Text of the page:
Calculating the estimated fiscal impact of Hunt Field at full build-out and occupancy utilizing the higher, projected student generation factor increases the net impact on the Board of Education budget by $265,525 ($420.13 per student times an additional 632 students). Thus, this fiscal impact analysis of the proposed Hunt Field community utilizes a more conservative approach to projecting the net impact of Hunt Field on the Board of Education s budget. In other words, had the existing student generation factors provided by the County been used, the fiscal impact of Hunt Field on the Board of Education budget would be $265,525 (or $82.98 per unit) less and the reported combined net burden would have decreased from ($301,909) to ($36,384).

Fiscal Impacts

The underlying assumptions and calculations made to estimate real estate tax and personal property tax at Hunt Field are shown in Appendix Tables A-5 through A-8. The annual fiscal flows associated with Hunt Field by land use type are presented in Appendix Tables B-1 through B-10. Based on an examination of all potential local revenue sources and associated City expenditures it is estimated that the proposed Hunt Field community, at full build-out and occupancy, will annually contribute a net fiscal surplus to the City. The proposed Hunt Field community will generate an annual combined net fiscal benefit of $104,575 dollars reflecting revenues totaling $2,451,703 and expenditures of $2,347,128. The small but positive annual dollar amount of this net fiscal benefit indicates that the proposed Hunt Field community will not have an adverse effect on the budget of the City.

It should be noted that the expenditure demands included in this analysis assign the same per unit (or per capita) costs to Hunt Field residents as for residents elsewhere in the City. This approach assumes that each person living and working in the City of Charles Town has access to the City s services and therefore potentially shares from the benefits of these services. This expenditure analysis is not based on the actual utilization of City services by specific individuals but rather reflects equal access to and availability of these services to all residents and people working in the City.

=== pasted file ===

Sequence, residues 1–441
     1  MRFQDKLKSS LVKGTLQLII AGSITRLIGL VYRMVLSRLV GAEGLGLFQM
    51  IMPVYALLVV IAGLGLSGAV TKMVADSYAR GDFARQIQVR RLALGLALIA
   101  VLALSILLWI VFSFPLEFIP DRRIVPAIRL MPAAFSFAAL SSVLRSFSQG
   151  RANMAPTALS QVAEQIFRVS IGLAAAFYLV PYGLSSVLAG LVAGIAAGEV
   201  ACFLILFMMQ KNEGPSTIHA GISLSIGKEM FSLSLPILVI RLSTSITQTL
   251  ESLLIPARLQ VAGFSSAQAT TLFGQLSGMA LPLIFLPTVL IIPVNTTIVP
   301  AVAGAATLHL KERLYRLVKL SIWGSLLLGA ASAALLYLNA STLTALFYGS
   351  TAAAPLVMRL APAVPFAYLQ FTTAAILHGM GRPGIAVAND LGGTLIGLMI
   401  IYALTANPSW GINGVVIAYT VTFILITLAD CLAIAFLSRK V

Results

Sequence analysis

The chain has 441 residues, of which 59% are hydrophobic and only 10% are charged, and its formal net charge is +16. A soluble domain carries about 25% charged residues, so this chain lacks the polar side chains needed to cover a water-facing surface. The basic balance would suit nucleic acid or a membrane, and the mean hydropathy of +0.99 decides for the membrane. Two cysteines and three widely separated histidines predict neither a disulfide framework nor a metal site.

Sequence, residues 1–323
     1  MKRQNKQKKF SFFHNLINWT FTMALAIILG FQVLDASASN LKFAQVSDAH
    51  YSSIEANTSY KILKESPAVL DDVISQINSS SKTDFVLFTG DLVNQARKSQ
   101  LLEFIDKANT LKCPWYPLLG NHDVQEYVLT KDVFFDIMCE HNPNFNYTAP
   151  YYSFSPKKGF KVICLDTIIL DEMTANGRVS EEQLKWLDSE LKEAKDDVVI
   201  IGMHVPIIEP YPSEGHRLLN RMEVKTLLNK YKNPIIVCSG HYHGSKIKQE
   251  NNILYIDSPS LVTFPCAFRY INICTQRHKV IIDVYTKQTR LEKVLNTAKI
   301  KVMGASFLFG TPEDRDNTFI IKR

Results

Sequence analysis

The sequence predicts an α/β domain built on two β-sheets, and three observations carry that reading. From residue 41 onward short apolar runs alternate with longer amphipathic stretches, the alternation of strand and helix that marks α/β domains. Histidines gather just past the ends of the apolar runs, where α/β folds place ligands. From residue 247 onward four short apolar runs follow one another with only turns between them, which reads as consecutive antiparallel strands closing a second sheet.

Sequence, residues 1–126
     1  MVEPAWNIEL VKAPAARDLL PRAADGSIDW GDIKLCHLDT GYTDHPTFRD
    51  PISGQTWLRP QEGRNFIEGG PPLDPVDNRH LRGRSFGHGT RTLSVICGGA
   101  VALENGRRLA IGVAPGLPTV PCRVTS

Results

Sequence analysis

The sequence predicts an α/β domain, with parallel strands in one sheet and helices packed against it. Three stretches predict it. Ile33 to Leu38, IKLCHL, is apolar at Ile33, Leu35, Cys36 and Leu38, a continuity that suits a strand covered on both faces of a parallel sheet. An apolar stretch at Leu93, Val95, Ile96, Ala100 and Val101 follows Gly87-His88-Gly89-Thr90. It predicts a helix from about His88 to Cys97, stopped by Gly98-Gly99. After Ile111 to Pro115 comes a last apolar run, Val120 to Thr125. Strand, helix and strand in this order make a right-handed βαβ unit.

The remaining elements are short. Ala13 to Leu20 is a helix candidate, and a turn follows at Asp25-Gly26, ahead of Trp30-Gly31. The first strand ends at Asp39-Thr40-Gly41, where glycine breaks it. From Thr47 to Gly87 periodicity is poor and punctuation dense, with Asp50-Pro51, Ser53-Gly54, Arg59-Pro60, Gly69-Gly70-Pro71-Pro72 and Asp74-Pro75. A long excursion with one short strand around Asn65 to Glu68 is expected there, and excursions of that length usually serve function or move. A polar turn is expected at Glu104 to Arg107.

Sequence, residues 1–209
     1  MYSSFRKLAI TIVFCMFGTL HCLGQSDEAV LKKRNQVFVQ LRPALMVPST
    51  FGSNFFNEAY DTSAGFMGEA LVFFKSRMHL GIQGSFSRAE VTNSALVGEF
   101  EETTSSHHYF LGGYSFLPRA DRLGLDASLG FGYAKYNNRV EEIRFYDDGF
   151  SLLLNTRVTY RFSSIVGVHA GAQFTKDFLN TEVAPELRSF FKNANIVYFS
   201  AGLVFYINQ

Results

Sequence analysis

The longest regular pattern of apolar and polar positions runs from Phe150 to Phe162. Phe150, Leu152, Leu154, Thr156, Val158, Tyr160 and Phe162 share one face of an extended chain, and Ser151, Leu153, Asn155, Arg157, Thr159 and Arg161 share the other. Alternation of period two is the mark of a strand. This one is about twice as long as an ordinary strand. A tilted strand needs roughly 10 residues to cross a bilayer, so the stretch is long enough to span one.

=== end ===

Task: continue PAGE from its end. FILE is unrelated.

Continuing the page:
This analysis of fiscal revenues and expenditures is based on an analysis of average costs, not marginal costs. By using average costs in this analysis and not adjusting revenue sources (other than real estate and personal property) and expenditure demands to reflect the income structure of the future residents of Hunt Field or the actual utilization rate of specific services, the estimated revenues projected are likely to be conservative and the estimated demand for City services and programs are likely to be overstated.

City of Charles Town

A review of the City of Charles Town s Financial Statements with Supplemental Information for 2000 reveals that the City has benefited from a net fiscal surplus in 2000. In 2000, revenues from all non-BOE sources totaled $1,223,818 while expenditures totaled $1,156,292, resulting in a net fiscal surplus of $67,526 to the City. This reported surplus in the City of Charles Town is based on a review of the annual actual operating budget of the City; that is, the current level of services and operations net of capital projects (reserves). In 2000, the City received $51,084 in revenues to fund capital projects (reserves). Expenditures for capital projects (reserves) in the City (including special revenue capital projects) in 2000 totaled $1,895. The City reported an excess (surplus) of capital projects reserves over expenditures of $49,189 in 2000.

Jefferson County Board of Education